Fraud occurs in a wide range of industries, including banking, insurance, medical, government, the public sector, and law enforcement. In all of these environments, detecting and rooting out fraud is critical to ensuring a business’ continued viability. ML models are frequently used to identify potential instances of fraud and suggest the best courses of subsequent action.
Consider a scenario in which a bank is looking to implement ML-based models specialized to a variety of tasks such as the detection of money laundering, fraudulent banking claims such as a falsely labeled chargeback, payment and transaction fraud like stolen credit card purchases, take-over fraud in which a nefarious actor seizes control of another person’s account, and account fraud linked to new accounts created with a fake identity.
As compared to the previous example, in which we presume that the end user you’re making a prediction about is who they say they are and wants to use your product, here any purchase or merchant flagged as fraudulent is attempting to hide from you and is actively trying to learn what is giving their behavior away. In this adversarial environment, the model’s context impacts your fake customer and actual customer’s behavior in different ways. As an example, consider an account takeover scenario, where a hacker obtains access to your banking information using the credentials to your existing account. Once they’re logged in, they have access to your previous purchase behavior and account statements as well as the ability to request new credit cards, add authorized users on your existing cards, transfer their outstanding debt to your card, and even instantly transfer your money to other accounts.
In this instance, when should our model be making predictions that the user is in fact who they say they are? Furthermore, how does the model context impact the interventions we can design to prevent fraud, and how do those interventions impact the behavior of our real account holder and potential hackers? Certainly there are a few obvious model contexts: at the time of an attempted login, when opening a new line of credit, or at the point of any account-altering activity such as changing the account password or updating the account address. These moments allow us to re-verify identity, potentially in a way that’s different or more thorough than typical. The behavioral impact of these verifications may result in teaching the hacker what is needed next time and reassuring the real user that they are safe and even predicting the fraudulent activity that is later verified. However, remember we’re in an adversarial environment, we imagine that there exists a possibility that the hacker can get access to the information, an approved device, IP address or spoof a phone number. This leads us to consider a set of model contexts that do not reveal desirable information to fraudulent actors. Such contexts might occur during normal session activity, in real-time, or on clicks, hovers, or highlighting of text. These real-time, in-session model contexts allow for designing interventions that do not expose what was detected.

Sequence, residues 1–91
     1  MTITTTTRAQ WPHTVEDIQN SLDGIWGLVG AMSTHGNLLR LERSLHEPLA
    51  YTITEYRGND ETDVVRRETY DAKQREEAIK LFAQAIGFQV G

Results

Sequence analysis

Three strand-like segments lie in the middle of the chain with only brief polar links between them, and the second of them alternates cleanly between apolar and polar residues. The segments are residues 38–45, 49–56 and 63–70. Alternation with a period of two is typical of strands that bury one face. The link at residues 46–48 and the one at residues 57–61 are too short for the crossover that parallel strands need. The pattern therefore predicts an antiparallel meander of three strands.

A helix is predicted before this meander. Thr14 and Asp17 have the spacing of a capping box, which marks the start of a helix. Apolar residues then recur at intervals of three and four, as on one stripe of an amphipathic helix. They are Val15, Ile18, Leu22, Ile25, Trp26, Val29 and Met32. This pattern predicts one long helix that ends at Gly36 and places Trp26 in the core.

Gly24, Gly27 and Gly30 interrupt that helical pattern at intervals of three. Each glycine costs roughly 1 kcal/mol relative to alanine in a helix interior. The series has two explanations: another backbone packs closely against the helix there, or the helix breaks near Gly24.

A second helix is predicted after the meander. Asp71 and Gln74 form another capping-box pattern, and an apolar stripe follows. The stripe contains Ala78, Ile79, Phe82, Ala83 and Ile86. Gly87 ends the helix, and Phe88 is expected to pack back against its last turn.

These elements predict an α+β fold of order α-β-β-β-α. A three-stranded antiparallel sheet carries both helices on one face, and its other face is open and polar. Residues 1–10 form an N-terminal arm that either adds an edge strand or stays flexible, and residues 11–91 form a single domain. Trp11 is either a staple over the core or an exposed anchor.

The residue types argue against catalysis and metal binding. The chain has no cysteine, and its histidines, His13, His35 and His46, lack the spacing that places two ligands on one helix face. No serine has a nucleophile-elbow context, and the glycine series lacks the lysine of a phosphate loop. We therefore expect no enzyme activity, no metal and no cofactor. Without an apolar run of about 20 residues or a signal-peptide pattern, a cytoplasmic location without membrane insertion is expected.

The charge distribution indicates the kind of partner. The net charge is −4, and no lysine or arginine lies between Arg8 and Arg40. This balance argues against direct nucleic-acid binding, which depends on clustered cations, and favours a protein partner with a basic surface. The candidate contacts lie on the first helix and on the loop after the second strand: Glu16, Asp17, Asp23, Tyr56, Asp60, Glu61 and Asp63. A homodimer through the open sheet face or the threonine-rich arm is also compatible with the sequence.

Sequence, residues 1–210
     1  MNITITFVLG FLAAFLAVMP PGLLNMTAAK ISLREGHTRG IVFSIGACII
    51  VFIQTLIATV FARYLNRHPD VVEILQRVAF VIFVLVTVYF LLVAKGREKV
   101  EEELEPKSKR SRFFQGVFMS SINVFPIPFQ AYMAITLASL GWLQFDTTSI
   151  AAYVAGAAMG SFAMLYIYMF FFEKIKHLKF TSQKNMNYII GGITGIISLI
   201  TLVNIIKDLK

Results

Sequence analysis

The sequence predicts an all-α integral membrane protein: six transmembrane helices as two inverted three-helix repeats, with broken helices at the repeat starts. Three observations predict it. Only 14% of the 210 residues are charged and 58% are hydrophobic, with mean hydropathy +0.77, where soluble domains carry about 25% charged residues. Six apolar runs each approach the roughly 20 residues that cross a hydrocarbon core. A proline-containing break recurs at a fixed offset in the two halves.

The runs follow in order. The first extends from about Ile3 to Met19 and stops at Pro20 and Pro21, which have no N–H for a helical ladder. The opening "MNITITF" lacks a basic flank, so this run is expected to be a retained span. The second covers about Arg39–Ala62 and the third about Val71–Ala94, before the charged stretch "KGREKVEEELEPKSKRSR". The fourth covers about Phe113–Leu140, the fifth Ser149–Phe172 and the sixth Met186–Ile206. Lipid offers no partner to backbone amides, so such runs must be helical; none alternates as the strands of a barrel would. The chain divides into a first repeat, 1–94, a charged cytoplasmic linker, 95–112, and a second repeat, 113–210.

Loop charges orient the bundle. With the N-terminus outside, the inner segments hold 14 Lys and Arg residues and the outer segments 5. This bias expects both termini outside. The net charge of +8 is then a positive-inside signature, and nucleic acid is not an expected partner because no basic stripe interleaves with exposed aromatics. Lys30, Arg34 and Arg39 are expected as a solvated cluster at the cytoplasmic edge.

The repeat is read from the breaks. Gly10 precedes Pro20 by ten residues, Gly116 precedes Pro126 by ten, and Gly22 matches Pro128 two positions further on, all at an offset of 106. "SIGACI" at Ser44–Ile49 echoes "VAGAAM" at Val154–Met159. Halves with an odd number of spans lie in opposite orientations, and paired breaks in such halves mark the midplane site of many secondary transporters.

Similarly, the free mobile gaming industry provides another compelling example of the importance of context. Player engagement, retention, monetization, and the cross-marketing of games within a subscription or label are the primary focuses of most gaming companies. For instance, a data scientist might want to predict whether a player is likely to win a level during gameplay, and based on that information trigger an offer to purchase a power-up at a suitable price. Key contexts in this setting might be after every move, when the user has lost a certain number of lives, when they have a certain amount of time remaining to complete a level, or when their in-game health is running dangerously low. By treating moments of heightened player need as opportunities for purchase enticement, changing of the gameplay difficulty, or providing hints, gaming companies may very well boost player engagement and monetization while improving the overall gameplay experience. However, learning these optimal offer points is far from simple in such dynamic environments and requires iterating over many different model contexts over time. Such large-scale testing is only possible when it is natively supported, and feature engines such as Kaskada are the only tools that fully support this level of experimentation.
The gaming example is different from the previous two for a few reasons. First, you’re changing the game as individuals play, altering the logged activity data and the outcomes that are possible to use for training in the future, complicating how new training data sets need to be generated. Second, there are no commitments; it’s possible that half of your players leave within minutes of gameplay or after months without any built-in need to know when they might be able to come back. Finally, with the changes in the privacy arena, less and less information is known about a player before they begin playing; therefore, relying on in-game or cross-game user and population level activity data becomes critical.
For real-time ML, choosing the appropriate model context to incorporate into your model’s training is an involved process that is made lengthy and cumbersome by traditional feature stores and data science tools. Feature engines such as Kaskada transform this previously ponderous process into one that’s quick, easy, and replicable. Via intuitive, iterative model context selection, Kaskada allows iteration over a multitude of context choices in a fraction of the time required by other systems. In doing so, it enables data scientists and engineers to make optimal decisions when choosing how to train their models, ultimately leading to improved model performance and unmatched business growth.